The highly anticipated film Napoleon, starring Joaquin Phoenix, opened at Coronado’s Vintage Village Theatre Wednesday, Nov. 22. Written by David Scarpa and directed by Ridley Scott, the film is based on the true story of Napoleon Bonaparte’s rise to power in France. Touted as an ‘epic historical drama’ of Napoleon’s military prowess, ambition, and the love story with his beloved Josephine, the film sadly falls short.
Academy award winning actor Joaquin Phoenix has had many great performances in the past, but gave what I thought was a bit of a disjointed portrayal of Napoleon. Phoenix made Napoleon seem like a socially awkward and somewhat childlike character at times, a well-spoken gentleman at other times and a crude and disrespectful lover to Josephine. It was difficult to see how this character rose to power in France.
As a lover of history, I was hoping this film would show how Napoleon became a great military tactician, how he inspired his troops to follow him across Europe, and how his success brought him to power. While there were many glimpses into the tactics showing Napoleon’s ability to conceal his troops, use of mobile light cannons and elements of surprise, his overall command presence was lacking.
There were moments in which the troops showed their love and admiration for Napoleon, but I couldn’t reconcile how the man portrayed on the screen earned their respect and trust.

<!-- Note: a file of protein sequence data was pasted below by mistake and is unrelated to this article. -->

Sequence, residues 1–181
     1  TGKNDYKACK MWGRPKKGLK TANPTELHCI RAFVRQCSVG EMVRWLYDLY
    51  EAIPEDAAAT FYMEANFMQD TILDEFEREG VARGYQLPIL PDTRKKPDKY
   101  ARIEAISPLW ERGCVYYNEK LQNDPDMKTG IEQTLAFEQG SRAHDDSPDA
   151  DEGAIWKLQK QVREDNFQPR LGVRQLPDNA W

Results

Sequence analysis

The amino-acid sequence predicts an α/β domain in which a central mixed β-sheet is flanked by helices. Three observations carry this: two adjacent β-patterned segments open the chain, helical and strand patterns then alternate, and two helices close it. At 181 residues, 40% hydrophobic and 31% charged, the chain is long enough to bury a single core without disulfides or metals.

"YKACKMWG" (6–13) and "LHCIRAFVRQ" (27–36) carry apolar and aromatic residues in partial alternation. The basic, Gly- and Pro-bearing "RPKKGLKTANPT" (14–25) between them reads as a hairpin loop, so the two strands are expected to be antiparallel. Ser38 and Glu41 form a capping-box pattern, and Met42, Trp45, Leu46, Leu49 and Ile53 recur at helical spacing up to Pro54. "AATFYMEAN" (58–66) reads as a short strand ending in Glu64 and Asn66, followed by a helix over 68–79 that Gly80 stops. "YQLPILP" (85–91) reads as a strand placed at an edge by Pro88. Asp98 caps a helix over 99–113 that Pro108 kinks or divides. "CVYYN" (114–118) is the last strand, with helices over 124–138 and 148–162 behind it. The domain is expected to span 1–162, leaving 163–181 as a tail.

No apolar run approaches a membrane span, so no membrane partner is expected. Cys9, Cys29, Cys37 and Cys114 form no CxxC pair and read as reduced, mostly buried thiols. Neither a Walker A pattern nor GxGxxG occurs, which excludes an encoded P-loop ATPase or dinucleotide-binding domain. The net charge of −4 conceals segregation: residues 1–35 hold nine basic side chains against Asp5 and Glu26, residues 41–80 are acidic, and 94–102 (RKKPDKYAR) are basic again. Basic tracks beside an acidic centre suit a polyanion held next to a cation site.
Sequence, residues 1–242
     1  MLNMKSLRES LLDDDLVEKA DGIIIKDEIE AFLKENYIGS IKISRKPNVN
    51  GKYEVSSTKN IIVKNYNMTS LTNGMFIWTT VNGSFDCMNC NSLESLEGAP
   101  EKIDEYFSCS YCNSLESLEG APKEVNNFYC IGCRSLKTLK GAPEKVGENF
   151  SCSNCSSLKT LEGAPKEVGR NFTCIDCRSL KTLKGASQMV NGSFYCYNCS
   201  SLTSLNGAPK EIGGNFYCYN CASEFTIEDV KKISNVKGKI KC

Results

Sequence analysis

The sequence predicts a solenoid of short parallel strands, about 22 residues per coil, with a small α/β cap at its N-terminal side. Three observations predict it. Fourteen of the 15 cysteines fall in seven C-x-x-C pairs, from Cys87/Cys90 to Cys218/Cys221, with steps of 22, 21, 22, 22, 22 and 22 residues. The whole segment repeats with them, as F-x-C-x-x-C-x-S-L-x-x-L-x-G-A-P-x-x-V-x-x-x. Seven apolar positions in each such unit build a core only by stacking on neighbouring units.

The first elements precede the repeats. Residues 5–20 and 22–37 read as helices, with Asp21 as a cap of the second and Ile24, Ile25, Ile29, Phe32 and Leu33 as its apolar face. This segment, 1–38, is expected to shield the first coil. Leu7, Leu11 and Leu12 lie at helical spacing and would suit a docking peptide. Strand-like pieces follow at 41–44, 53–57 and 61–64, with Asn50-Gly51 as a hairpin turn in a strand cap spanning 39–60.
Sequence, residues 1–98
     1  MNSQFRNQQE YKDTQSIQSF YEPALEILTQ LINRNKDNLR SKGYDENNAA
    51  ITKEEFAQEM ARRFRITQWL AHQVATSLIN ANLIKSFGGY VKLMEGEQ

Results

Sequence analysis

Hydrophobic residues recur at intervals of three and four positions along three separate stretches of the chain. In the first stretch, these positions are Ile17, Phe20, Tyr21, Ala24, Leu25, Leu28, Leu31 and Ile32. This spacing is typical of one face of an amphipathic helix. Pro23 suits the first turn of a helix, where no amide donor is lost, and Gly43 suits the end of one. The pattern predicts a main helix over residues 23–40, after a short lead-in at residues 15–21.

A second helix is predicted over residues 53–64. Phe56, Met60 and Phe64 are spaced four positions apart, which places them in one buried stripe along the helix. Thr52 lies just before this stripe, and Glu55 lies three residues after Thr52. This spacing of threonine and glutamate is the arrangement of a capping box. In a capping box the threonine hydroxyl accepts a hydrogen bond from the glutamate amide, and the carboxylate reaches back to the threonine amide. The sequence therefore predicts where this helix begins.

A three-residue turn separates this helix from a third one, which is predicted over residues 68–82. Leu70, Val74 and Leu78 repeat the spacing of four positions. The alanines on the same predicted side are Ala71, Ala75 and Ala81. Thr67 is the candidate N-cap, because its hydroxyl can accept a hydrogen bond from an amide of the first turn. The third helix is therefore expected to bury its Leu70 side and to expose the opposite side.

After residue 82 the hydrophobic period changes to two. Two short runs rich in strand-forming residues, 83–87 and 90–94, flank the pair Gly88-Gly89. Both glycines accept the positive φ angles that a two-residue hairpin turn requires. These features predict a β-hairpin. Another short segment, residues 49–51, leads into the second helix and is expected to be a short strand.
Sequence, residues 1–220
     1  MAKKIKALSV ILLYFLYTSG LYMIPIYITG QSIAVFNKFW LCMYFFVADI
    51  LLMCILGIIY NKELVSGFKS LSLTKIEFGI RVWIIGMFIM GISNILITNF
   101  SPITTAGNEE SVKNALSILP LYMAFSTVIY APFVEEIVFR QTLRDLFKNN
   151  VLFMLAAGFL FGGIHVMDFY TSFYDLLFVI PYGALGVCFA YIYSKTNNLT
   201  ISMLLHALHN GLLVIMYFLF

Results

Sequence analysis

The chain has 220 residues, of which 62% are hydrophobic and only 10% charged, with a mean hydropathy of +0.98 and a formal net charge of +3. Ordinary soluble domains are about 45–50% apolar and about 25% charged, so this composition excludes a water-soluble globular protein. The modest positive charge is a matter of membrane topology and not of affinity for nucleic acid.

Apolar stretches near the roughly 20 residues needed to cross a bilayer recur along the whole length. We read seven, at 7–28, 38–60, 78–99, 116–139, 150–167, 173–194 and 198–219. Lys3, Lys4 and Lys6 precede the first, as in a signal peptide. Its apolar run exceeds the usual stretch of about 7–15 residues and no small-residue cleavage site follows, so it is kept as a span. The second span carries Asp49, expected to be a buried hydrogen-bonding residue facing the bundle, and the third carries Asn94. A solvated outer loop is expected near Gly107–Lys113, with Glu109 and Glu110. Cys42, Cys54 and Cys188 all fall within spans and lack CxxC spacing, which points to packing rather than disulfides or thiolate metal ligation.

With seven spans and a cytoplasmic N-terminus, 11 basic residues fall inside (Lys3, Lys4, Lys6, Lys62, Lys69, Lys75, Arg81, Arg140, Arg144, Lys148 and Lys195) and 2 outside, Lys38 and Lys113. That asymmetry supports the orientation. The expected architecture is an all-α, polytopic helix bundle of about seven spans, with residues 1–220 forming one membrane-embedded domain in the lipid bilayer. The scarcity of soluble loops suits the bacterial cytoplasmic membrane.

The movie did have some highlights. There were elements of humor throughout, the historical timeline of events was easy to follow and did provide context, and the costume design and attention to detail when portraying France in the late 1700s and early 1800s was impressive. However, I felt the film could have been so much more.
Napoleon was not only a legend in the military history books, his love affair with Josephine, played by Vanessa Kirby, is considered one of the greatest love stories of all time. The love letters written by Napoleon on the battlefield were read by Phoenix during the film, showing the deep feelings Napoleon had for Josephine. Unfortunately, the interaction on-screen between Phoenix and Kirby did not make it feel like there was any true love between them. The dynamic between the two was shown more as an infatuation by Napoleon and an ambitious Josephine tolerating his antics and crude behavior.
Leaving the film I wondered what the writers and producers wanted the audience to come away with. While it had moments of humor, some grand battles and glimpses of a love affair, the film left me disappointed.
Rating: R, War/Action
Run Time: 2h 38m
Director: Ridley Scott
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